How to Increase Fat Burning Capacity For Weight Loss
By Kim Miller, Guest Blogger and ACE Certified Personal Trainer
How can we burn a maximum amount of calories in a minimum amount of time?
A comment from a reader who writes, “You should check the latest research on fat burning. You suggest that long slow distance (LSD) is the way to go for newbies. But that’s not what the new information says.” Well, the reader is correct, but….. read on.
Why Not Skip LSD Training and Get Right to the Best Calorie Burns?
If you are new to fitness, or have not been doing cardiovascular exercises such as walking, swimming, jogging, elliptical training, biking etc., then the suggested long slow distance training with minimal emphasis on heart rate intensity is used to build a base of endurance for furthering harder intensity calorie burning zones. Think of this slow long training as a necessary “evil” for furthering fat burning ability. A long slow distance base of training aids in the formation of new life changing habits, primes the muscles, ligaments, and tendons, as well as the cardiovascular system for a lifetime of increased fat burning ability and a speedier anti aging higher metabolism by reducing the occurrence of injuries, as well as the occurrence of premature overzealous training which often leads to failure.
Fat Burning Zone Explained in Brief
In order for a muscle to function it needs energy. There are three options that a muscle has to use fuel:
3. Protein- only used by muscles under depleted circumstances. Consider carbohydrates and fats as the two main sources.
When using energy our muscles use a mix of carbohydrates and fats, this is based on a number of factors, one of them being intensity and duration of activity. Fats require more oxygen than carbohydrates to burn. As a result, as exercise intensity increases and less oxygen is available, the body shifts from a fat burning zone to using carbohydrates for energy in order to maintain the activity. This doesn’t however mean that less fat is burned. In low intensity exercise the fat being used is coming from the blood stream and this was traditionally called the fat burning zone. In order to understand the whole picture though, we must look at where the source of the fat being used is coming from.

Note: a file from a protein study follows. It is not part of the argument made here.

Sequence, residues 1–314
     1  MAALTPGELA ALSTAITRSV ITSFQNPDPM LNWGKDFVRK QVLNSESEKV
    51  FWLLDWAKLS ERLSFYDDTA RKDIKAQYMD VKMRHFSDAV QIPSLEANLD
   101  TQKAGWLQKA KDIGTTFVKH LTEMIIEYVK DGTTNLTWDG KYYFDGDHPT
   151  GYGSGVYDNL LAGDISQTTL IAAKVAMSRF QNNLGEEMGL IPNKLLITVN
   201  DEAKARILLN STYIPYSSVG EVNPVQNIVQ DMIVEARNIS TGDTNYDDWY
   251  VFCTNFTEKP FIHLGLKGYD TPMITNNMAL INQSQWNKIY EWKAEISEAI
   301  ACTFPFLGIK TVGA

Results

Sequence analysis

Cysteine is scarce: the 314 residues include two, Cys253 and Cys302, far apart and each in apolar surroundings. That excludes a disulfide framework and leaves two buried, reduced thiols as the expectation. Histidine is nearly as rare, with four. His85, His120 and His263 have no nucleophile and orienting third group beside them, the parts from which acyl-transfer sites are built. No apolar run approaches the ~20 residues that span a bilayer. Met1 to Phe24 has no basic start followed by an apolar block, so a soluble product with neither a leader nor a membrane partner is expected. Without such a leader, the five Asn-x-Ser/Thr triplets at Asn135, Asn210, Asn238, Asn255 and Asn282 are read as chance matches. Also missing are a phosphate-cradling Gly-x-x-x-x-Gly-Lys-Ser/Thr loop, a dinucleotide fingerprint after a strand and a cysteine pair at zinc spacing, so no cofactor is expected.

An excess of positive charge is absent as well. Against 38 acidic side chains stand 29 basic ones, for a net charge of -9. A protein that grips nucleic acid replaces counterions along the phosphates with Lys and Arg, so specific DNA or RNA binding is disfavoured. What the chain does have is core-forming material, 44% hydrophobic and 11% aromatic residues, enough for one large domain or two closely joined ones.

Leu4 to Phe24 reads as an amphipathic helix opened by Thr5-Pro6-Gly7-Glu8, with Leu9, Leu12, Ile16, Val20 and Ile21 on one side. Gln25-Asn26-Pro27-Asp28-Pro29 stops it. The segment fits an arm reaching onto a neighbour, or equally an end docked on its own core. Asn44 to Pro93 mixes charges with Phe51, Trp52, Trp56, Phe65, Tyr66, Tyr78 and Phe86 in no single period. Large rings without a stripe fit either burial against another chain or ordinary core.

Energy Source Paramount in Increasing Fat Burn Ability
With increased intensity and duration of an activity, the muscles need more oxygen and energy, so our hearts beat faster to get blood to the muscles quicker. In medium intensity long duration activities the blood stream gets overloaded with work, including the job of providing an energy source to the working muscles. When looking to increase our fat metabolism, it’s necessary to get to this point of overloading our bloodstream’s energy sources. By doing this, the overloaded blood stream must turn to its own body’s muscle fat – namely the primary muscle mover’s fat (triglycerides) and glycogen (sugar) stores- which provide energy to the working body. Obtaining a state of moderate intensity training, where the body is working harder and the heart rate is being taxed at a perceived exertion of 6 out of a 10 point scale is when fat burning is amplified beyond just a simple calorie burn. To translate this into a target heart rate, achieve a heart rate of approximately 80% of your maximum heart rate and continue for duration of 20 minutes and preferably 30 – 60 minutes continuously.
How to Figure Target Heart Rate at 80 Percent
-Take 220 minus your age.
-Multiply this number by .80.
-Your number is your THR for an increased and more efficient fat burning zone
Fat burning can be optimized further with high intensity interval training. It’s what all the fitness magazines are writing about. The secret lies in what is called the after-burn. It breaks all the rules applied here, but you’ll see why it’s absolutely necessary in obtaining a lean more muscular look that includes the difficult to diminish waistline. You can do it! Stay tuned and I’ll help you out.
Kim earned a Bachelor of Science degree in Health and Physical Education from Cleveland State University. Kim is a certified personal trainer certified by the American Council on Exercise (ACE). She is also certified as a wellness coach with Wellcoaches.
Photograph Courtesy of Marco Welt
Last edited on April 18, 2010